OK, I’ll just speak for myself here.
Why do I get fat every time I go to France?
We know you French women, as a stereotype, are so “plus petite” (and you are) so I ask myself, "Why do I plump up every time I spend more than an hour there?"
I lived in France many years ago and just returned from a five-day sojourn in Paris. Thank God it was only five days! After two, I could feel the familiar lull take over. It goes something like this. “Baguettes and croissants must not be fattening. They’re everywhere and the French women are so thin!” Or maybe it sounds like this. “A crepe here and there won’t kill me. Look at those tiny French women!” Or this. “Butter is real food, not like all those processed trans fat spreads over in America. Can’t be bad. Slather it on! Better yet, carve out a piece the size of a slice of cheddar cheese and wrap that baguette around it!”
When I spent my year abroad in France (a long, long time ago), I gained about twenty pounds. The “year-abroad twenty” was far more shocking than the freshman fifteen. Now in midlife, I only needed five days to gain five pounds. One whiff of the boulangerie and this healthy eating, gym-going, regimented mom of three let the epicure inside of me take over. Taste, pleasure, sensation and enjoyment became the rules of the food game. “Healthy” was implied, right? After all, the food is all real and magnificent and, as we have already established, the French women are doing something right.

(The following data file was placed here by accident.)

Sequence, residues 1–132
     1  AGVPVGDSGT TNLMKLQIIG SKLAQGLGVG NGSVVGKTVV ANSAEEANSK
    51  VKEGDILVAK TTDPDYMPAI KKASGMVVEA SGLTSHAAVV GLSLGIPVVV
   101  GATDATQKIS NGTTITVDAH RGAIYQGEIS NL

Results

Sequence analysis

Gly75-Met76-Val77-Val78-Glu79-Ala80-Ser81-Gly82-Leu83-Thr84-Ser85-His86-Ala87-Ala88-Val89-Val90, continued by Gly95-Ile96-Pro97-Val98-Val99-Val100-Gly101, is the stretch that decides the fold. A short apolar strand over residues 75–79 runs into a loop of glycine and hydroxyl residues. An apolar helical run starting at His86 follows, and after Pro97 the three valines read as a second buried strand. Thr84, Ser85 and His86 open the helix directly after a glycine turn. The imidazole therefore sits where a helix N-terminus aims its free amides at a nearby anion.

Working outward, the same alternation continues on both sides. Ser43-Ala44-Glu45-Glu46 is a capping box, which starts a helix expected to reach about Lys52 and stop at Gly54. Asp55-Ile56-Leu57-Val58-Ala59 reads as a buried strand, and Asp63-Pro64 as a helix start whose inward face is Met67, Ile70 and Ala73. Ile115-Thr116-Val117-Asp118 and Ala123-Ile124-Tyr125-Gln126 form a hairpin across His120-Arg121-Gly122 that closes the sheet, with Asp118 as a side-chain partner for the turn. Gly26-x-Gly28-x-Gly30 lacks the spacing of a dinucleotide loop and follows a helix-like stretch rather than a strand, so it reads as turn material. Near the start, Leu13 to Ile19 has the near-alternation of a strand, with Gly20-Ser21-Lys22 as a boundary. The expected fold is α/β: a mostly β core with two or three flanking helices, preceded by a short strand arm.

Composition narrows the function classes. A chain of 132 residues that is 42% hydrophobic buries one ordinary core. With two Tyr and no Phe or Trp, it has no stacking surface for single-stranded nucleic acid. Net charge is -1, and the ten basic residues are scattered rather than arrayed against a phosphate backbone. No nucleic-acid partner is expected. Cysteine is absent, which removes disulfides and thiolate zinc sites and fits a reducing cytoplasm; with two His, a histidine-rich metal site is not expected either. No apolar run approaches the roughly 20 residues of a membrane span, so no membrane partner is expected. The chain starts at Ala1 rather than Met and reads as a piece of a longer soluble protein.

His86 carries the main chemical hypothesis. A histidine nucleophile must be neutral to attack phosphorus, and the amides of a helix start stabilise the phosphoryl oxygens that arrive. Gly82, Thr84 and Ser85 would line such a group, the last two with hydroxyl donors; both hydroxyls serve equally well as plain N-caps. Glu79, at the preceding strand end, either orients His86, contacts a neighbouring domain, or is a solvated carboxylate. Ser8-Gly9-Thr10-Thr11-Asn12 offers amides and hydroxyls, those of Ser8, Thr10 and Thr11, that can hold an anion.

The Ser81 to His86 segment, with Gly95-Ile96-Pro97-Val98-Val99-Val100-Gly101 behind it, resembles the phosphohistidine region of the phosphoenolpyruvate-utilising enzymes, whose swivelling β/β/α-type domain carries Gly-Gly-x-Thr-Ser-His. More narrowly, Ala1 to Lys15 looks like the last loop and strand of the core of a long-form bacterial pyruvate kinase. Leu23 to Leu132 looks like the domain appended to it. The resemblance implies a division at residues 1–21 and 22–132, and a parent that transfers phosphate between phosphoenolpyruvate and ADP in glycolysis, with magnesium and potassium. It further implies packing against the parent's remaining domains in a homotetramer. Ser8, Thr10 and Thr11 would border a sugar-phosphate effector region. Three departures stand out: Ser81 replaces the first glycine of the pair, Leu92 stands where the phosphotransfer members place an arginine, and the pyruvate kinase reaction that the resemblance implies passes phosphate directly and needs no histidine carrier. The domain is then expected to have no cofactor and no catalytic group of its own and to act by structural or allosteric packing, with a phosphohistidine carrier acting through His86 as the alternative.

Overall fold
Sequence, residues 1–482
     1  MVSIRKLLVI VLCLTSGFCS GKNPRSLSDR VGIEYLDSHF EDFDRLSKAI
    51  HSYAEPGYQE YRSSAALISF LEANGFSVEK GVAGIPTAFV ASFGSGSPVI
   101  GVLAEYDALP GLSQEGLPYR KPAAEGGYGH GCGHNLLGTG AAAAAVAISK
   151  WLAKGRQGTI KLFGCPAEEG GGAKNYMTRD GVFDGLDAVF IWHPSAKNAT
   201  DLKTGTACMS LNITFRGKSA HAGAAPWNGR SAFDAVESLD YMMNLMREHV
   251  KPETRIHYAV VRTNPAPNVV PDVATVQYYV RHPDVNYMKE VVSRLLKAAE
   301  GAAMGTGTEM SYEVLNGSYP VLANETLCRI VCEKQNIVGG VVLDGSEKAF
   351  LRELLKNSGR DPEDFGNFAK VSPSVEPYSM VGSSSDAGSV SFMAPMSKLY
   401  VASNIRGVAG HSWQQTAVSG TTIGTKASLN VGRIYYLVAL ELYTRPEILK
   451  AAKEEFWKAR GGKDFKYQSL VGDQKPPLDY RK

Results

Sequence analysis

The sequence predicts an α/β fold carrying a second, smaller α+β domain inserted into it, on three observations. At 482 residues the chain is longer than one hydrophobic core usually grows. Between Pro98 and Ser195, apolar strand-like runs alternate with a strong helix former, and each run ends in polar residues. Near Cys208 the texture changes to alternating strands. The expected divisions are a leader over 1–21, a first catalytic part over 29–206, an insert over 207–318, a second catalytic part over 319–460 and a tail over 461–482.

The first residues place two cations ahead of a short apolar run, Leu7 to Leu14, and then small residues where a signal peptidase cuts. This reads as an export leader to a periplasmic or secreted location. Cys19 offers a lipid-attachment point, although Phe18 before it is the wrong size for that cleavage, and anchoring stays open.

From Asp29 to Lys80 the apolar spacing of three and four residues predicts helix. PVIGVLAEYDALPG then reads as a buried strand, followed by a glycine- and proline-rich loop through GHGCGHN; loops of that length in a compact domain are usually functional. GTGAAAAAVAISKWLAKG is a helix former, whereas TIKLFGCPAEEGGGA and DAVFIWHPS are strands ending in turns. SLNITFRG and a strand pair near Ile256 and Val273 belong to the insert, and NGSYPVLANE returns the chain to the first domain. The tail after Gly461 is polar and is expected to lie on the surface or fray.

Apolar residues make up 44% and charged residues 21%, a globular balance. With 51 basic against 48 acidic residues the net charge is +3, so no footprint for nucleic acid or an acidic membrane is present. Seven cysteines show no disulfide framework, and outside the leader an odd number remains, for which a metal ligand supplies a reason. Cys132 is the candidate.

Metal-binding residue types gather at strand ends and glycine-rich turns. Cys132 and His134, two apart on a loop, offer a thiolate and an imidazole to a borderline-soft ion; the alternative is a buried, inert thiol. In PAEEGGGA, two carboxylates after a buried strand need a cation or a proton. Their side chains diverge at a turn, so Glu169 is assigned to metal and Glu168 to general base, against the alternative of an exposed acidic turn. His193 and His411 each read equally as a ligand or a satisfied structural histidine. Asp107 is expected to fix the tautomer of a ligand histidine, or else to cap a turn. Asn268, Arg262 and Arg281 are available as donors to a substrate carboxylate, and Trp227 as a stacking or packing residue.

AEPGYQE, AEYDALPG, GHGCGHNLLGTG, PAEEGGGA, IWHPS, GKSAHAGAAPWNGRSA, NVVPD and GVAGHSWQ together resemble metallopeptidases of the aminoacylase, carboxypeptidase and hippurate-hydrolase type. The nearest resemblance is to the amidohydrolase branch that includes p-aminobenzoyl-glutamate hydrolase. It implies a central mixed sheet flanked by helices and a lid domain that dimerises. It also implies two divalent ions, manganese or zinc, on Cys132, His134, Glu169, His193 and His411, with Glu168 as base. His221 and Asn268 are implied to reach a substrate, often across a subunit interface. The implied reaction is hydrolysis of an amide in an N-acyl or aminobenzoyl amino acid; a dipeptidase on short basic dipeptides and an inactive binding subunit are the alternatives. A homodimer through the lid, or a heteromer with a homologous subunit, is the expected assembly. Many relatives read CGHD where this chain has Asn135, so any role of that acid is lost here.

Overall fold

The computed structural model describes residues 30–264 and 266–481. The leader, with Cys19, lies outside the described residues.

But what happens when you put a typical super-sized thinking American into a culture of deliciousness? Five pounds in five days. That’s what happens.
I don’t come out looking French. I come out an even fatter American because I brought my over-sized, “may I have a third café au lait?” mindset with me to the land of small delicacies.
In England, we could order the “big white Americano” coffee. They sympathize with our gross perceptions of food. In France, the demitasse should suffice. But, of course, it didn’t. I needed three to get my eyes open.
So, OK, French women. I get it. I know you're all thin and mysterious about it. But I also know that when you're sauntering around your beautiful Paris, you're not drooling at the fromagerie windows or dreaming about the pain du chocolat you'll be having the next morning. I know you have perspective and balance about your food.
Maybe someday I will learn to drink from a smaller glass.
I know that's what you do.